In 2010, Ellison claimed that Israeli interests “governed” U.S. policy toward the Middle East; four years later, during the Gaza War, he was one of only eight House members who voted against emergency funding for the Israeli air-defense system. Even a decade ago, no one harboring such views would have had a prayer of being elected Democratic National Committee chairman. Yet this year, liberal activists coalesced behind Ellison, who narrowly lost the chairman’s election.
Last week, Ellison received strong applause from a crowd of liberal activists for declaring that “all of us in this room have got to defend intersectionality.” This once-obscure academic concept (Merriam-Webster added an entry for it only in April) contends that different forms of discrimination overlap, and must therefore be fought across the board. Increasingly, liberal activists have applied such an approach to the Israeli-Palestinian conflict.
Yet using this principle to rationalize support for the Palestinians can, as New York Times columnist Bari Weiss recently observed, justify some decidedly “illiberal” views. Women’s March co-organizer Linda Sarsour, for example, has maintained that Zionism and feminism are incompatible, even as she has praised Saudi Arabia’s treatment of women. And the anti-Zionist “pinkwashing” movement seeks to obscure the chasm between Israel’s generally strong record on LGBT issues and that of its Arab neighbors.
Even as the party’s base has grown estranged from Israel, most elected Democrats have remained steadfast in their support. Generational politics play some role, as the top three Democrats in both houses of Congress are products of a different political era, each arriving on Capitol Hill more than two decades ago. And the fact remains that Republicans, independents and conservative Democrats, a constituent base most legislators need, remain staunchly pro-Israel.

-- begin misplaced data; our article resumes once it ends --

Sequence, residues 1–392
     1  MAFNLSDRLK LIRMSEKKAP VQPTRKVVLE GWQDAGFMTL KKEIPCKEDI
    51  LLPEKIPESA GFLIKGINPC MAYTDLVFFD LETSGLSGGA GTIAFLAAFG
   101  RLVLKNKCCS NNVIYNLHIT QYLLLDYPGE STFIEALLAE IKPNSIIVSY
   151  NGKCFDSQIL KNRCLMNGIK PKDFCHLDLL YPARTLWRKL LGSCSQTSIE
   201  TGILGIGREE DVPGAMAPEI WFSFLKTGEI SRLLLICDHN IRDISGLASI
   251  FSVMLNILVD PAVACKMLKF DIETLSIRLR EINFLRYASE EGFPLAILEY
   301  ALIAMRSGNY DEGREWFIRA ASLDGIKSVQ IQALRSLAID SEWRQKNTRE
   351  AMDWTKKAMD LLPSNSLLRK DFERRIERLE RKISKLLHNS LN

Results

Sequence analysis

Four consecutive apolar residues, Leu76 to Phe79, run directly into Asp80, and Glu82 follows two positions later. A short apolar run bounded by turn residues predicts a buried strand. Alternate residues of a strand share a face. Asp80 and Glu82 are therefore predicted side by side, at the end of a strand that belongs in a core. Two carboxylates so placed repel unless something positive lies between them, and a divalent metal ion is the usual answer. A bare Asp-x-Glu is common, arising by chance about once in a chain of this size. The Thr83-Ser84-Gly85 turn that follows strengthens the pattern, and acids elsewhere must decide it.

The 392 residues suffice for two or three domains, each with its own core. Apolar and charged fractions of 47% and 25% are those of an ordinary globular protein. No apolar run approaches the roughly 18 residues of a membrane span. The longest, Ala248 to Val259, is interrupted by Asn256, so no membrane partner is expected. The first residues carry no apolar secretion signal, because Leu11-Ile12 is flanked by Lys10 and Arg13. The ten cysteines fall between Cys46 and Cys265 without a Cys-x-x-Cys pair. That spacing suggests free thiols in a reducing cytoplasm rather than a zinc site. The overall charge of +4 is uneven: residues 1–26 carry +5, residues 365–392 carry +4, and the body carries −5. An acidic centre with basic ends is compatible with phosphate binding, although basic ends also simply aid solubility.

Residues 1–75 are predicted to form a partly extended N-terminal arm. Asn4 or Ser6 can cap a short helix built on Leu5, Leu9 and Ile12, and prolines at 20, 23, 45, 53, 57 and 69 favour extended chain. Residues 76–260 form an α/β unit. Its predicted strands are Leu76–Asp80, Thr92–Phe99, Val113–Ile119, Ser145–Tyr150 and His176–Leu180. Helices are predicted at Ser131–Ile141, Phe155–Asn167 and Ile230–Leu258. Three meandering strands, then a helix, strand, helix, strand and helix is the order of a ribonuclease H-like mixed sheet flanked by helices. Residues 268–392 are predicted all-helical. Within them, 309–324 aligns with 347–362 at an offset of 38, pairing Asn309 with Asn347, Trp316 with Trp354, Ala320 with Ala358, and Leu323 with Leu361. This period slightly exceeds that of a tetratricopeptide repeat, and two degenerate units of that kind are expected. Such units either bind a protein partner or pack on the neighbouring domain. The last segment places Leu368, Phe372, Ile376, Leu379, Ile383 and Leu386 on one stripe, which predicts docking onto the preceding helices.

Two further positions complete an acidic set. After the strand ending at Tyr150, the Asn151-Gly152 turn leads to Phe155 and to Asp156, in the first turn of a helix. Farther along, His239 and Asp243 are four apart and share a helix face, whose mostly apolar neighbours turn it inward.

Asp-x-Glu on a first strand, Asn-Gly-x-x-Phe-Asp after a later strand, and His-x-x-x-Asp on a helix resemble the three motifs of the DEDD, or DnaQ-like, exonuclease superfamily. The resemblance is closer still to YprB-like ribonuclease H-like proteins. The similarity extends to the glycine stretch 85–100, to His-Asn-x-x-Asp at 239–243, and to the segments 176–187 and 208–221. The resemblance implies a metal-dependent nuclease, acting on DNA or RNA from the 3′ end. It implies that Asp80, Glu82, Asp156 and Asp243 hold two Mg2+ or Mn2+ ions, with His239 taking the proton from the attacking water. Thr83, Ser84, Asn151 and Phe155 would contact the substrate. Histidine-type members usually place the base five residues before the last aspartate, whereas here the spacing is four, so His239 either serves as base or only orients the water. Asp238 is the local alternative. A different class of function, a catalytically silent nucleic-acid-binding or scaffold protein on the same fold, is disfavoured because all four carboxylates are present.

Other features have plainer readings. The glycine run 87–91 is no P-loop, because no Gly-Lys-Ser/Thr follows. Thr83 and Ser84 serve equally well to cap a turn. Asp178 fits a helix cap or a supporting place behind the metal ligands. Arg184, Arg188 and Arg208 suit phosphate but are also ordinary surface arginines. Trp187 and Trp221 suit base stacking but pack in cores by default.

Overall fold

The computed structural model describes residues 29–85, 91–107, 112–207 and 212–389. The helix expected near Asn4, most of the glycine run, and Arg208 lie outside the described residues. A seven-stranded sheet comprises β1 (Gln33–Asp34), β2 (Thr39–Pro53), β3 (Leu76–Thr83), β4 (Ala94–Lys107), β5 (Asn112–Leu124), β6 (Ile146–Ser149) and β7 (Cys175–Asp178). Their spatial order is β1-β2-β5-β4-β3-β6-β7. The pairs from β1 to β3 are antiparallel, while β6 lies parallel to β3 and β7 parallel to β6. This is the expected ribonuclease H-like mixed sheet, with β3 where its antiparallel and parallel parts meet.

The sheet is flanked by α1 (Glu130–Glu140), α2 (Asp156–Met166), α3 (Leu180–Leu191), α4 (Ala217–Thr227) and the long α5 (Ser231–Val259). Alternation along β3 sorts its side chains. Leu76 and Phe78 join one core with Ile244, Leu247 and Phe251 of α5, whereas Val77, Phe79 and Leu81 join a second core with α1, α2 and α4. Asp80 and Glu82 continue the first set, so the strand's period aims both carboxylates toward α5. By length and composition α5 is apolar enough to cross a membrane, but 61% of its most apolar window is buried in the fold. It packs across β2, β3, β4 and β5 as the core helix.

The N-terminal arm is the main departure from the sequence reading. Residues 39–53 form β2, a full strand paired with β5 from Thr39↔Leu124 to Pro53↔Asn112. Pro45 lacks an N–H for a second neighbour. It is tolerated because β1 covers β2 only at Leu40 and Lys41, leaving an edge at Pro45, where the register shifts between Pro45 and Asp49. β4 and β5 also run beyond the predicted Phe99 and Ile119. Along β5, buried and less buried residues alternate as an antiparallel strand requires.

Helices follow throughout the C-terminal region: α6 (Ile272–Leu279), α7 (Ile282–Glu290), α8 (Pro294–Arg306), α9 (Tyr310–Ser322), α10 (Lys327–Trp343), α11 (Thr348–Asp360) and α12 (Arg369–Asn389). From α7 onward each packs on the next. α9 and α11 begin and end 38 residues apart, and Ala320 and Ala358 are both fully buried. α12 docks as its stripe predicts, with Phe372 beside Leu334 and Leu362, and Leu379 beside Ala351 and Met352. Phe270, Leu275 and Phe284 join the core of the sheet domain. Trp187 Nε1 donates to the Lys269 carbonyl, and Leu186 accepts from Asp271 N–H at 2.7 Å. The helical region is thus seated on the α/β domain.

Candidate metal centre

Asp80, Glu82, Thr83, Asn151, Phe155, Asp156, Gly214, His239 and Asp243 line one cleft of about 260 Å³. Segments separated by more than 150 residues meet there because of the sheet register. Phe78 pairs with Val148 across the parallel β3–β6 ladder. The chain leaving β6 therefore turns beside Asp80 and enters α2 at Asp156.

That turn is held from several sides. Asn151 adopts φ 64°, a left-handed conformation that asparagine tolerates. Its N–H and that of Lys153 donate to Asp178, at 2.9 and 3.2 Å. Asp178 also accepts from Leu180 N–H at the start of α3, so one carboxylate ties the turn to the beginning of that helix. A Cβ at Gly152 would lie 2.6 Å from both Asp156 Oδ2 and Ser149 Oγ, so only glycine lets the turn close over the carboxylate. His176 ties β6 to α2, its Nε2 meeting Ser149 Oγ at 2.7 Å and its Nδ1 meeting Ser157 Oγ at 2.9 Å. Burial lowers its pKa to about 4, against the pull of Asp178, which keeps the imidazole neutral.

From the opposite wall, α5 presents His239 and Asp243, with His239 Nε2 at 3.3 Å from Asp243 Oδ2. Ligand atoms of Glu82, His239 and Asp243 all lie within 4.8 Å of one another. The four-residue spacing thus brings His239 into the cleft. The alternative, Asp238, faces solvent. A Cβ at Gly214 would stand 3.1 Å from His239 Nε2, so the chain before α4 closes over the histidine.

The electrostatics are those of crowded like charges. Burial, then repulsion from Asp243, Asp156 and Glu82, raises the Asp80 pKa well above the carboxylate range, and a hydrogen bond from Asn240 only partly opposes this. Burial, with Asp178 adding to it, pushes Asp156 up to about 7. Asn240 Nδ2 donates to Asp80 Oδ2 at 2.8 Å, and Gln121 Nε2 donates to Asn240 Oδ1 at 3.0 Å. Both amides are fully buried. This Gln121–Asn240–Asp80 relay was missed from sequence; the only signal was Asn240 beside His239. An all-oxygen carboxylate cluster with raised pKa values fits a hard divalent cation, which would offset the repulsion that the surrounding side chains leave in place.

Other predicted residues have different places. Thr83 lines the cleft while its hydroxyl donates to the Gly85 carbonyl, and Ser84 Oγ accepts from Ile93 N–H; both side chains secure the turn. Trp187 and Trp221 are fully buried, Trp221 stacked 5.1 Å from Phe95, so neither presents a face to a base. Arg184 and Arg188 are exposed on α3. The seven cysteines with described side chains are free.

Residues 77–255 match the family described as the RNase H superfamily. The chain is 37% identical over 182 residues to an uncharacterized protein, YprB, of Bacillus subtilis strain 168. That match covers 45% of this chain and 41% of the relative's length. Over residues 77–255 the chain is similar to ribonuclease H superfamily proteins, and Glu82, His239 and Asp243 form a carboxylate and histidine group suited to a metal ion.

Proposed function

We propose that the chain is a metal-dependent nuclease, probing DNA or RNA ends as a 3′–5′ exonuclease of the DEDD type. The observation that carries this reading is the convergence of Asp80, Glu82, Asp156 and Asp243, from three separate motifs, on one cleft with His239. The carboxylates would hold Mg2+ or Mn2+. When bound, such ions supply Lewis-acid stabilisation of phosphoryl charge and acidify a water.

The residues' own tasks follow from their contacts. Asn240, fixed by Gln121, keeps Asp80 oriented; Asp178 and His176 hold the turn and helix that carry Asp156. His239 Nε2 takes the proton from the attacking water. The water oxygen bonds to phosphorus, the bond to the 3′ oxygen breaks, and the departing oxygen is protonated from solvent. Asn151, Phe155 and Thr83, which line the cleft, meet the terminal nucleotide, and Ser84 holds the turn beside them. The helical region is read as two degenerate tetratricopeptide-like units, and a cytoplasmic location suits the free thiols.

But the party’s activist base is having an impact. Two weeks ago, Gillibrand and Booker announced opposition to pro-Israel bills within a day of each other. Gillibrand withdrew her sponsorship of anti-BDS legislation after fielding hostile town-hall questions from activists organized by the far-left Jewish Voice for Peace. (The measure has troubled civil liberties advocates as well, but Gillibrand acted only after the town halls.) Booker, meanwhile, joined three other Democrats in voting against the Taylor Force Act, which seeks to address payments by the Palestinian government to imprisoned killers of U.S. and Israeli citizens, in the Foreign Relations Committee.
Both senators have presidential aspirations and understand that being staunchly pro-Israel is a liability with the Democratic base. In a party oriented around resistance to Trump, it seems unlikely that the situation will change anytime soon, given that Israel is one of the few countries worldwide that remains (somewhat) supportive of him. In a summer featuring a revival of Johnson’s vision in domestic affairs, his assumption of a clear connection between liberal principles and support for Israel seems like a product of a bygone era.